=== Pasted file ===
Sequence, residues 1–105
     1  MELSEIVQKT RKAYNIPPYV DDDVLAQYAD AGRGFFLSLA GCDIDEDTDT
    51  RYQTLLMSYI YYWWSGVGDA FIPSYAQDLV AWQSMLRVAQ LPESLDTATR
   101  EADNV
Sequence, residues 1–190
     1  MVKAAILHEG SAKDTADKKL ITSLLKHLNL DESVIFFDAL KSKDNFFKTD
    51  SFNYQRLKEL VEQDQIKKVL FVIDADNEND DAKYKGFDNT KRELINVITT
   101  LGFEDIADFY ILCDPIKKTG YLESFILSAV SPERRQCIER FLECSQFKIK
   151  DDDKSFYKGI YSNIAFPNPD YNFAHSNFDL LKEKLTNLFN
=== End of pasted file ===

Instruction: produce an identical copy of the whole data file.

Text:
Sequence, residues 1–105
     1  MELSEIVQKT RKAYNIPPYV DDDVLAQYAD AGRGFFLSLA GCDIDEDTDT
    51  RYQTLLMSYI YYWWSGVGDA FIPSYAQDLV AWQSMLRVAQ LPESLDTATR
   101  EADNV
Sequence, residues 1–190
     1  MVKAAILHEG SAKDTADKKL ITSLLKHLNL DESVIFFDAL KSKDNFFKTD
    51  SFNYQRLKEL VEQDQIKKVL FVIDADNEND DAKYKGFDNT KRELINVITT
   101  LGFEDIADFY ILCDPIKKTG YLESFILSAV SPERRQCIER FLECSQFKIK
   151  DDDKSFYKGI YSNIAFPNPD YNFAHSNFDL LKEKLTNLFN